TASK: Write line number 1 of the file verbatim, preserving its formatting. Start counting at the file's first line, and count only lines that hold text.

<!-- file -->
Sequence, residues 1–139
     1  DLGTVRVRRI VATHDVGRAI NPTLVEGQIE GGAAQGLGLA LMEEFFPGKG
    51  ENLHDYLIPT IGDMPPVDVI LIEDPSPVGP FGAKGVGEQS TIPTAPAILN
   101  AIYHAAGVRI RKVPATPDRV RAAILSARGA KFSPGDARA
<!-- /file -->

Sequence, residues 1–139